Finally, I hope these books will also represent the end of direct-action fetishism. As Professor Fairclough says, the traditional framing of the movement is that it happened between Montgomery and Selma; nothing be-fore that and very little after it. But within that broad framing there is an even more common frame: the movement happened between the Freedom Rides and Selma. So it’s the first half of the sixties that really capture our attention, and for obvious reasons. There’s so much drama, there’s so much obvious courage, there are so many twenty-second sound bytes. There is simply so much that is dramatic, it covers up and buries any sense of the nondramatic–what was happening when David Brinkley was not there. What that means is a return to asking questions about indigenous organizations.

What did unglamorous fraternal groups, such as black insurance companies, contribute to the shaping of the movement? Nothing that makes the nightly news. You have to look deeply into the organizational roots of the black community to understand what made the dynamism of the early sixties possible.

Another aspect of the end of direct-action fetishism is that these books are paying far more attention to the late sixties, far more detail and attention to the question of what actually came out of the struggle. At the ground level, what did the desegregation of schools mean in Louisiana and Mississippi? And of course, you come up with a real mixed message. A substantial part of the black middle class in Louisiana gets destroyed by the desegregation of the schools. An awful lot of principals and teachers lose their jobs. The relationship between a great many black communities and schools in which they felt a sense of ownership, a sense of pride was severed. When you go through the role that the federal government played in undermining some of the most important community initiatives in the late 1960s, it’s still inexcusable and still barely understood. I refer you to Professor Dittmer’s discussion of the Child Development Group of Mississippi, and what Washington did to them.

It makes you cautious about getting into celebratory history. What I mean by celebratory history are those–and there were a lot of these last year for the thirtieth anniversary of Freedom Summer–in which some volunteer was going back to Sunflower County, Mississippi, or wherever it happened, and they were talking about “My gosh, we can eat at the Holiday Inn” and “My gosh, so-and-so’s child is now the police chief . . . and I just wouldn’t have believed that in nineteen–” And there’s a place for that; if you lived through those times and you go back after two or three decades, you cannot help but be impressed. But understand what it is you are saying. You are saying that after decades of hard struggle, after the loss of many lives, black people can now do things that all Americans have taken for granted since day one. I mean there’s something which you can celebrate, but you also have to be very cautions about over-celebration. You’re just getting to the starting line–that’s all that’s happening here. The more clearly you understand the ambiguous payoff of the movement that came in the late 1960s, the more firmly you can guard against celebratory history.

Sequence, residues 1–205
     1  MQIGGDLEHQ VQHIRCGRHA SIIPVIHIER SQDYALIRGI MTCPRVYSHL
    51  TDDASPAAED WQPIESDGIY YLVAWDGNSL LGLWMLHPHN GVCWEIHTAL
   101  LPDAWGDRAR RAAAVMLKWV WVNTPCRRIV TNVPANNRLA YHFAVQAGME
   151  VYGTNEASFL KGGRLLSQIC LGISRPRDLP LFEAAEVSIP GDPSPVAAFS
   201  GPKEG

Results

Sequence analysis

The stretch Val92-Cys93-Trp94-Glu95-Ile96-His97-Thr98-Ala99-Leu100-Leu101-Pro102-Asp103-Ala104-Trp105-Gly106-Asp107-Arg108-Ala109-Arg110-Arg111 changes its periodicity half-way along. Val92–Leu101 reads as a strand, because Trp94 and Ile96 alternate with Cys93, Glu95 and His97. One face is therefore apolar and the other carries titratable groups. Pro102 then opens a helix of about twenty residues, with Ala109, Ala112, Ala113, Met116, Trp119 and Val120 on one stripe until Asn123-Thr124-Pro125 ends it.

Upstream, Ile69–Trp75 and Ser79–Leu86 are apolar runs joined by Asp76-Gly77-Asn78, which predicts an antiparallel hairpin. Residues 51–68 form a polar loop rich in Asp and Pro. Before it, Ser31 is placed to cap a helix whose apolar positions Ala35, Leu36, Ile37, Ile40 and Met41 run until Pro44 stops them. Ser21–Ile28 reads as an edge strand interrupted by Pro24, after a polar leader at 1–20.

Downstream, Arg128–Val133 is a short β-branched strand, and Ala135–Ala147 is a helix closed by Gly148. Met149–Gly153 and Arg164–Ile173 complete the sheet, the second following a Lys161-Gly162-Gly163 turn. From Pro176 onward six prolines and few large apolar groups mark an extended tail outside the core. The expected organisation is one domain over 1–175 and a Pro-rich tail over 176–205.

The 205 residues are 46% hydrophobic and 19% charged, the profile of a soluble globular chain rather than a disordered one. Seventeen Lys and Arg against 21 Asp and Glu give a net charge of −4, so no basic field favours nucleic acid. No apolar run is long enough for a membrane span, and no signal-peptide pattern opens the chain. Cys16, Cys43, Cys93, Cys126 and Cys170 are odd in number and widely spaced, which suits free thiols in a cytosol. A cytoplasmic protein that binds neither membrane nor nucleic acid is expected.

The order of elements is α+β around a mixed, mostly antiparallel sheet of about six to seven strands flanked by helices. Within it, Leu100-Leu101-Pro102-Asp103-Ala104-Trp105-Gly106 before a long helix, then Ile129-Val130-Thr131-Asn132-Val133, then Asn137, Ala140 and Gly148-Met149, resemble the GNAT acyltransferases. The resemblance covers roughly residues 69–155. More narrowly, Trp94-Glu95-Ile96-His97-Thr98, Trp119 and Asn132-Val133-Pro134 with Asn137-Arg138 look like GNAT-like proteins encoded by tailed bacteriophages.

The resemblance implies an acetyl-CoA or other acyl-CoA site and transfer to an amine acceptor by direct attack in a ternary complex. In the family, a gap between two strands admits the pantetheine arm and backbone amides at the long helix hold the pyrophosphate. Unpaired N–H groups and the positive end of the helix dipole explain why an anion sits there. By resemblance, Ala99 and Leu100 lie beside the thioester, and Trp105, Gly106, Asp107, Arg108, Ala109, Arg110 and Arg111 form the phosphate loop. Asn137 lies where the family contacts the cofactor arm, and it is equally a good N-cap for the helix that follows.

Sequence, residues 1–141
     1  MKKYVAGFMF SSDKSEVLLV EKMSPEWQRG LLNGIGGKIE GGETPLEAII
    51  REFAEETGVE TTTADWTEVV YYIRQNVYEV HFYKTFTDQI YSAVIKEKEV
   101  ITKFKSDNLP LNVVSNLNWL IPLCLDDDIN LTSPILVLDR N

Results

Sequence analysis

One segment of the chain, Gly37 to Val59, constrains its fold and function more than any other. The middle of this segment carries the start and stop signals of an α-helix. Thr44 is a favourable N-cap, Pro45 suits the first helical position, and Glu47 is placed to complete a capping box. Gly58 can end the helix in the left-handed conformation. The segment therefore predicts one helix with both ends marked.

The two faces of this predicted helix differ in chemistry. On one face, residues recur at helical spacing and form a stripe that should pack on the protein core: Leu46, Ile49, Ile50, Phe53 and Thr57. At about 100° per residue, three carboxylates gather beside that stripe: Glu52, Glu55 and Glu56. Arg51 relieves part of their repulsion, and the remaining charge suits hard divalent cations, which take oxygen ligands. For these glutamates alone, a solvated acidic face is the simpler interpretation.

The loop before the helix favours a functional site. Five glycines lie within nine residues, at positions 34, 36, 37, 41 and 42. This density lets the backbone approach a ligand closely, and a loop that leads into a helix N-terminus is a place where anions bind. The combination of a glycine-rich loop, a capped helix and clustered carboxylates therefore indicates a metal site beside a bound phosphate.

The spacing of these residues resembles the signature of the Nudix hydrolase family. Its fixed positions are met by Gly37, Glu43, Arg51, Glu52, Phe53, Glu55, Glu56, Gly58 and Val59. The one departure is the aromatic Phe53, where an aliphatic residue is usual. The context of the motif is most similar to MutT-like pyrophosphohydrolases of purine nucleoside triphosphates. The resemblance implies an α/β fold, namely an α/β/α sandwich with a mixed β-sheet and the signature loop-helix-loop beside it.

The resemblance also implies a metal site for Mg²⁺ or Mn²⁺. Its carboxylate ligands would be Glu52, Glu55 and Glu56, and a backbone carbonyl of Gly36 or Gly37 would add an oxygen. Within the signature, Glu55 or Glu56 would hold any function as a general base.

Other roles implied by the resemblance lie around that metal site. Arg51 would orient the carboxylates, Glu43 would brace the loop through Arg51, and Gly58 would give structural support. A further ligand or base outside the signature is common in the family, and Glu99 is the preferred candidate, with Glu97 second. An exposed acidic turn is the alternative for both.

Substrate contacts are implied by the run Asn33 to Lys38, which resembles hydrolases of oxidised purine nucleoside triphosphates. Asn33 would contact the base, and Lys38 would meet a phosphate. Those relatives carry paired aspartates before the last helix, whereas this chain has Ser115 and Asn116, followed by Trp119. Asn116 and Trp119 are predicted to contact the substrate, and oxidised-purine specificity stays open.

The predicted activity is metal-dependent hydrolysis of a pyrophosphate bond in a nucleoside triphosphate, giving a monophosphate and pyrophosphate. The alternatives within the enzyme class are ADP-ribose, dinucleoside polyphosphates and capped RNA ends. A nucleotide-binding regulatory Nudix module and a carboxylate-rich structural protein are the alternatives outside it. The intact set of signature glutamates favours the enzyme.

What is all of this going to mean? Darned if I know. It’s clear that scholars like Dittmer and Fairclough are calling for a longer view of the movement, a deeper view of the movement, a more complicated sense of what the movement was about. It’s absolutely clear to me that for most black Americans, I think for a great many Southerners, and great many Americans of a certain generation and period, the primary metaphor for social change in this century is the civil rights movement. That was a time when we think we got something done, a time when we think ordinary folks like ourselves were able to weigh in the scale of history.

If this scholarship is eventually going to have the impact that one hopes outside the academy, one other thing that may happen as we complicate people’s visions of one of their primary metaphors for how social change is made, is that they will be able to take more and more effective routes towards reaching for some kind of change. Their ability to analyze the situation and their ability to help us move out of that situation may be increased by these increasingly complicated analyses of how people have made change in the past. That’s a completely self-serving thing for a scholar to say, cause it implies that the work you do matters.

But it’s a thing that we can hope for. And it’s my sense that it is with just such hope and amid just such hope, the Southern Regional Council was born in the 1940s. So it seems appropriate for us to continue to renew our hope some fifty years later.

Charles M. Payne is Associate Professor of African American Studies, Sociology, and Education, and a fellow of the Center for Urban Affairs and Policy Research at Northwestern University.